Each month, Current food and wine critic Ron Bechtol assembles a wine-tasting panel composed of a chef or restaurant pro, a professional wine rep (sommelier, buyer, what have you), and a passionate amateur oenophile. Together they sample representatives of a wine category (country, region, grape, trend), ranking them according to taste, appearance, finish, price, label, and a few other factors. The Omniboire column, which appears online and in print the last Wednesday of every month, features every wine that earns at least 13 out of 20 points, but here we’ve collected top-scoring wines of the year to date, those that collectively garnered two or more corkscrews on the four-corkscrew chart. Text,
tallies, and faithful transcription of panel quotes by Bechtol.
January: Texas Cabs
The question on everybody’s lips — at least those with fairly loose lips — is this: Should Texas winemakers bother trying to produce cabernet sauvignon, or should they throw in the towel and go for grapes that have a better hot-weather track record? Rising to the challenge, Omniboire decided to take the beloved bull by the horns and stage a tasting of some of the state’s cabernet contenders. Due to a delivery glitch, some of the wines we had expected to taste didn’t arrive, but what we did taste was illuminating.
Our host for the event was chef and owner Brian West of Café Paladar, and we were joined by wine rep and all-around expert Ray Ayala of Republic National Distributors, and Tanji Patton, formerly of late-night news and a closet wine wonk all this time.
$15, Food-friendly with multi-layered dark fruit
An almost-Bordeaux blend of cabernet with merlot, malbec, cabernet franc, and just a soupçon of petite syrah.
“I really enjoyed it; it has dark fruits, fig … it would be great to drink with dinner,” said West.
“There’s a casual elegance about it,” offered Patton.
“It has nice layers … a lot of everything,” claimed Ayala — and this of a bottle that’s not Becker’s most prestigious cabernet-based wine.
$13, Good varietal flavor and balance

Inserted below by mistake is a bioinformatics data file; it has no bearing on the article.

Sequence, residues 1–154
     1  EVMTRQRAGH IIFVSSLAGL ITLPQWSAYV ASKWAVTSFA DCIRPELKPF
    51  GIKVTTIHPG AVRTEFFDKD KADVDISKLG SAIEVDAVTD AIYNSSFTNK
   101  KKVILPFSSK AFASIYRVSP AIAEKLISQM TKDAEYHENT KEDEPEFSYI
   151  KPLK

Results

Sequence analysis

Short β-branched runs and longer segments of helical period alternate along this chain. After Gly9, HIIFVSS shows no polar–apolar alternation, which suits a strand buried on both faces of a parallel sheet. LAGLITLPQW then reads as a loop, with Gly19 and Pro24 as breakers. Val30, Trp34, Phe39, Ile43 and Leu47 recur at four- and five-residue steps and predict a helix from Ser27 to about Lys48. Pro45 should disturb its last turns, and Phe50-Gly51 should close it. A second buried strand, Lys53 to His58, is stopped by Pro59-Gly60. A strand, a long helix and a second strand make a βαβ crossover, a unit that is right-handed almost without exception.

The same High Plains vineyard also supplied fruit for Llano Estacado’s Cellar Reserve 2005 Newsom Vineyard Cabernet Sauvignon, and it was instructive to taste how different winemaking led to distinctive results from the same fruit. This wine rated a 16.5 and exhibited a more restrained nose than the Becker, but offered very appealing dark cherry with sage, cedar, and even graphite aromas and flavors, the package being marred only slightly by a somewhat harsh finish.
$25, The ringer: well-integrated fruit with chocolate and coffee notes
Charlie Meeker, a man with deep Texas roots and a law degree from UT Austin, made this wine as an homage to a state where “everything’s big,” and the label screams Texas. (Yes, it’s longhorn-and-Texas-flag tacky.) Ayala enthused over its “beautiful nose and its wonderful, well-integrated oak and fruit,” theorizing it came from a warm vintage.
Napa Valley Cabs
Few places in the New World rival California for cabernet sauvignon. Yes, Washington State is coming on strong, and, once you get past the phalanx of malbecs, Argentina has much to offer. But the Napa Valley is still the gold standard, especially to the fervent followers of Robert Parker and The Wine Spectator. Trouble is, many of these are “over-ripe, alcoholic, toasty-oak, food-unfriendly wines” — this in the words of Spectator’s own James Laube. Along with elevated alcohol and extreme extraction also come high prices, with cult cabernets reaching stratospheric levels.